13:1-3 What an assemblage was here! In these names we see that the Lord raises up instruments for his work, from various places and stations in life; and zeal for his glory induces men to give up flattering connexions and prospects to promote his cause. It is by the Spirit of Christ that his ministers are made both able and willing for his service, and taken from other cares that would hinder in it. Christ's ministers are to be employed in Christ's work, and, under the Spirit's guidance, to act for the glory of God the Father. They are separated to take pains, and not to take state. A blessing upon Barnabas and Saul in their present undertaking was sought for, and that they might be filled with the Holy Ghost in their work. Whatever means are used, or rules observed, the Holy Ghost alone can fit ministers for their important work, and call them to it.
PAUL'S FIRST MISSIONARY JOURNEY: In Company with Barnabas. Ac 13:1-14:28.
Ac 13:1-3. Barnabas and Saul, Divinely Called to Labor among the Gentiles, Are Set Apart and Sent Forth by the Church at Antioch.
The first seven chapters of this book might be entitled, The Church among the Jews; the next five (chapters eight through twelve), The Church in Transition from Jews to Gentiles; and the last sixteen (chapters thirteen through twenty-eight), The Church among the Gentiles [Baumgarten]. "Though Christianity had already spread beyond the limits of Palestine, still the Church continued a stranger to formal missionary effort. Casual occurrences, particularly the persecution at Jerusalem (Ac 8:2), had hitherto brought about the diffusion of the Gospel. It was from Antioch that teachers were first sent forth with the definite purpose of spreading Christianity, and organizing churches, with regular institutions (Ac 14:23)" [Olshausen].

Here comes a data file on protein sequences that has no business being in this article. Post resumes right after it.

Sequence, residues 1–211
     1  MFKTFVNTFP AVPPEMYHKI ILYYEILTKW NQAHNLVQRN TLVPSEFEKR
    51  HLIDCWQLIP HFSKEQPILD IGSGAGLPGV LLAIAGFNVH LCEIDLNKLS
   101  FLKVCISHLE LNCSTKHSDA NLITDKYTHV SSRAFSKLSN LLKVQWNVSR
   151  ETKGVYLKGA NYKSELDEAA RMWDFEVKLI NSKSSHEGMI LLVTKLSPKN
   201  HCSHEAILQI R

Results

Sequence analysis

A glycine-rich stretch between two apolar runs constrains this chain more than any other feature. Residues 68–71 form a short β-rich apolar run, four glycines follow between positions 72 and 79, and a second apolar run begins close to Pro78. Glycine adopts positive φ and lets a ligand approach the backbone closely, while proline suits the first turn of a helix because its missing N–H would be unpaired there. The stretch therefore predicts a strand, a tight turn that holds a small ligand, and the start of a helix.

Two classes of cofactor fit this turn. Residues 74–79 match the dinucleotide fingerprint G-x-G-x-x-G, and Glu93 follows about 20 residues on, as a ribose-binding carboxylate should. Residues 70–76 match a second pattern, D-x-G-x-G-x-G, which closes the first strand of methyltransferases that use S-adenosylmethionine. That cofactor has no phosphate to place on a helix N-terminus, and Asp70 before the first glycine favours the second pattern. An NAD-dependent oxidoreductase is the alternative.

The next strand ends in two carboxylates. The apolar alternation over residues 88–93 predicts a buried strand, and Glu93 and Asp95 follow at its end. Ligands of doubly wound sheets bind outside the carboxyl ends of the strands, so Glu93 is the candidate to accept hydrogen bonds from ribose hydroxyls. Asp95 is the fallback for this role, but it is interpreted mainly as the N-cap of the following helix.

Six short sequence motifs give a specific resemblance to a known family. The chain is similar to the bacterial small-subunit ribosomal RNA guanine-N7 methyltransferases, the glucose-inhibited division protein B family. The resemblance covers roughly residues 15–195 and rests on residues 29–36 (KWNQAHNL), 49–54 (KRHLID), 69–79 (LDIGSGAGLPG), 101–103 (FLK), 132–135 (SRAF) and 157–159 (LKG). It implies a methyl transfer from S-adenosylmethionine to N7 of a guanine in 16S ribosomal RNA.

1. there were … certain prophets—(See on Ac 11:27).
and teachers; as Barnabas, &c.—implying that there were others there, besides; but, according to what appears the true reading, the meaning is simply that those here mentioned were in the Church at Antioch as prophets and teachers.
Simeon … Niger—of whom nothing is known.
Lucius of Cyrene—(Ac 2:20). He is mentioned, in Ro 16:21, as one of Paul's kinsmen.
Manaen—or Menahem, the name of one of the kings of Israel (2Ki 15:14).
which had been brought up with—or, the foster brother of.
Herod the tetrarch—that is, Antipas, who was himself "brought up with a certain private person at Rome" [Josephus, Antiquities, 17.1,3]. How differently did these two foster brothers turn out—the one, abandoned to a licentious life and stained with the blood of the most distinguished of God's prophets, though not without his fits of reformation and seasons of remorse; the other, a devoted disciple of the Lord Jesus and prophet of the Church at Antioch! But this is only what may be seen in every age: "Even so, Father, for so it seemeth good in Thy sight.' If the courtier, whose son, at the point of death, was healed by our Lord (Joh 4:46) was of Herod's establishment, while Susanna's husband was his steward (Lu 8:3), his foster brother's becoming a Christian and a prophet is something remarkable.
and Saul—last of all, but soon to become first. Henceforward this book is almost exclusively occupied with him; and his impress on the New Testament, on Christendom, and on the world is paramount.